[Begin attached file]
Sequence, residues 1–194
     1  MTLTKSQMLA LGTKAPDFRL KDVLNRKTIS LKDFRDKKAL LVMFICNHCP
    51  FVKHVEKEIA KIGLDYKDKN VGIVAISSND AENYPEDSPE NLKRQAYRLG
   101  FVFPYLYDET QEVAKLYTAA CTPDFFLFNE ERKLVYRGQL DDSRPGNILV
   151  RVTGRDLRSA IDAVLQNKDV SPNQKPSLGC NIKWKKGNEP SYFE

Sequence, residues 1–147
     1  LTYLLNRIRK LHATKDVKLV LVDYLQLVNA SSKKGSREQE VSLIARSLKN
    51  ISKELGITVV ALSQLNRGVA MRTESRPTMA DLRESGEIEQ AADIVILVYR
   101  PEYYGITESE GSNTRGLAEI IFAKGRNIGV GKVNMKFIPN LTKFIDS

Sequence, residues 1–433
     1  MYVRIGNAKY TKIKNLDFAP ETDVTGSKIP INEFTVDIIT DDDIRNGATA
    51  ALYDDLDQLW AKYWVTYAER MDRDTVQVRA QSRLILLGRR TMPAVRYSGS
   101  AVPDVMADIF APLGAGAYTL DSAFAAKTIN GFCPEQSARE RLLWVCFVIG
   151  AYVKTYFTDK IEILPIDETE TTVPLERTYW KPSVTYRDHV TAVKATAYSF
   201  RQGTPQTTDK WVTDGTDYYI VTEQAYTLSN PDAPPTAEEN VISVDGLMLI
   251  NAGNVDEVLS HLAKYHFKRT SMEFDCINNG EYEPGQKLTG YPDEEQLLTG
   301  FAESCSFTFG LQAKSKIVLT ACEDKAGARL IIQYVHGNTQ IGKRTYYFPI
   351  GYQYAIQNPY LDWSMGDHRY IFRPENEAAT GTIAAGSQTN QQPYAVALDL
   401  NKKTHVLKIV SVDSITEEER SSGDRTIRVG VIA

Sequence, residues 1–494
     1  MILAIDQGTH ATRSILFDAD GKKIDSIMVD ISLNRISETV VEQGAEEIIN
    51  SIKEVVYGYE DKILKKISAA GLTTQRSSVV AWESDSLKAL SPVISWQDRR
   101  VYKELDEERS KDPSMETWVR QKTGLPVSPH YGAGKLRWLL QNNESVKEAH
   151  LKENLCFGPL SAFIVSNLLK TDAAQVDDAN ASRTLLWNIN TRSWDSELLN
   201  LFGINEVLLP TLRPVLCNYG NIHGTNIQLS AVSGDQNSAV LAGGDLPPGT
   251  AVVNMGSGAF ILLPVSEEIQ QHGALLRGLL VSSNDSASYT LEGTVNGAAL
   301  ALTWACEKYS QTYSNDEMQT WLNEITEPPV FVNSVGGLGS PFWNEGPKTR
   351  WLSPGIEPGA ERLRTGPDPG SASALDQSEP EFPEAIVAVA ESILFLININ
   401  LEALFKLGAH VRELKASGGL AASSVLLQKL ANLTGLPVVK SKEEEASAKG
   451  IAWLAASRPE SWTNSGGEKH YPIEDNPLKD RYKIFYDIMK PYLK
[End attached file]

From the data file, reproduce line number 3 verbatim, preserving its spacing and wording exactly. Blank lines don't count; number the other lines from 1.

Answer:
    51  FVKHVEKEIA KIGLDYKDKN VGIVAISSND AENYPEDSPE NLKRQAYRLG